Dr Wanda Tan
What is Integrative Medicine?
Both in the general public and among health care professionals, there is some uncertainty as to what exactly Integrative Medicine is. To some degree, this is because the specialty is considered 'new.' In addition, there is a variety of related disciplines, such as holistic medicine, lifestyle medicine and functional medicine, which can add to the confusion.
Let’s start by explaining what Integrative Medicine isn’t. Integrative Medicine is not alternative medicine. It is not about crystal healing or colonic irrigation. It is not about eating like a caveman. And it is not about finding natural herbs to replace all pharmaceutical drugs. Rather, it focuses on the two weak links in modern medicine: one, identifying and addressing the root cause of chronic disease. And two, the role of nutrition, movement and sleep in achieving optimal health. It will come to no surprise that these two are intimately related.
The Royal Australasian College of General Practitioners (RACGP) defines integrative medicine as follows:
'The practice of integrative medicine refers to the blending of conventional and evidence-based natural and complementary medicines and/or therapies with lifestyle interventions to deliver holistic, patient-centred care. The overarching aim of integrative medicine is to use the most appropriate, safe, ethical and evidence-based modality(ies) available, with a particular focus on prevention and lifestyle interventions. '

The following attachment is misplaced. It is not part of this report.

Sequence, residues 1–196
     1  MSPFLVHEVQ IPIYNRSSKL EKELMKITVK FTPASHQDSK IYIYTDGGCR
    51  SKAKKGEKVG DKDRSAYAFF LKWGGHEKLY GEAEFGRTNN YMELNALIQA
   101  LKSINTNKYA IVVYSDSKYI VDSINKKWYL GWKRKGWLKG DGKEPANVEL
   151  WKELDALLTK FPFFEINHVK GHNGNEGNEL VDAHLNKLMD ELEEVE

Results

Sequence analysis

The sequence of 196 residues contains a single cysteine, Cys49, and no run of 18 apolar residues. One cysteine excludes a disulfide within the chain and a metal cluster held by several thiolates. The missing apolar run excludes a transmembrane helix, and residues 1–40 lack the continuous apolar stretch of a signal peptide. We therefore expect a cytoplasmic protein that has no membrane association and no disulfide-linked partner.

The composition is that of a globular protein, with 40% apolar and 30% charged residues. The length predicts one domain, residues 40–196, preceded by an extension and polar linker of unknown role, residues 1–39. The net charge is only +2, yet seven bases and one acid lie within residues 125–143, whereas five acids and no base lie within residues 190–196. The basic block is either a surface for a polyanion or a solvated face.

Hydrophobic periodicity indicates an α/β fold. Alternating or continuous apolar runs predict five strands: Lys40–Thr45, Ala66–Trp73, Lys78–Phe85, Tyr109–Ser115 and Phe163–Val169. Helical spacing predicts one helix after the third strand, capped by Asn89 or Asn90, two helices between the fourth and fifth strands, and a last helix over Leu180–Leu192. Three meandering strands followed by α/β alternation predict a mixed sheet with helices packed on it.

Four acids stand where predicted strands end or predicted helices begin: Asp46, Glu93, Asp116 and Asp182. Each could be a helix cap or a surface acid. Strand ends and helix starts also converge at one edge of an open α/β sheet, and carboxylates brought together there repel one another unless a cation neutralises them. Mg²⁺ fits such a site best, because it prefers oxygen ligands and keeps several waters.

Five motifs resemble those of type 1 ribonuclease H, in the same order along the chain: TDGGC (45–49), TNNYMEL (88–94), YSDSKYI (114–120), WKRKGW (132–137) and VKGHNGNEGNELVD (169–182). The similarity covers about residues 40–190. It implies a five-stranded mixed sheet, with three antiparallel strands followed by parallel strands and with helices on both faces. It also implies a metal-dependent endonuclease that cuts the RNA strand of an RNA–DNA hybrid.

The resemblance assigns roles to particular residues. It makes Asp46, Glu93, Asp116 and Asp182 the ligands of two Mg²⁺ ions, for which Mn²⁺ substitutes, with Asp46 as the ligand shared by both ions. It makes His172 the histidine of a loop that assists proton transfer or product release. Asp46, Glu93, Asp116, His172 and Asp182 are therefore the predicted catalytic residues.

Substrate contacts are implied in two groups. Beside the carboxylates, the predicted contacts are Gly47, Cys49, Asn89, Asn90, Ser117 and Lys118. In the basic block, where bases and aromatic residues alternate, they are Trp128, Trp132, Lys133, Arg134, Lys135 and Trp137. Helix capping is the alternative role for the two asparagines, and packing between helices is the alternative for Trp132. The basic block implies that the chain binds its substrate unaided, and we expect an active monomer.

Closely related to Integrative Medicine is 'Functional Medicine' which is a term more commonly used in the US. Functional Medicine focuses on identifying and addressing the root cause of disease. We do this by looking at a persons past history in combination with specific laboratory testing. This way, we can assess the function of an organ or a system, which may be declining long before the onset of the actual disease.
Let me give you an example. Fatigue is one of the symptoms of hypothyroidism (under functioning thyroid). While regular testing of the thyroid may still be normal, functional testing of the thyroid gland can indicate a decline in thyroid function long before the formal diagnosis of 'hypothyroidism' is made. Earlier diagnosis allows for earlier treatment with higher chances of reversing the disease. In addition, both Functional Medicine and Integrative Medicine aim to identify the cause of disease by looking at other pieces of evidence, such as personal history, diet, and other laboratory tests. In the case of hypothyroidism, one common cause of hypothyroidism is autoimmune disease. Autoimmune disease, in turn, may be caused or triggered by a dysfunction of the gastrointestinal tract. The cause of gastrointestinal tract problems my lie in a person’s diet, medication, infections, environmental toxins, genetics, stress etc. etc. The list is long.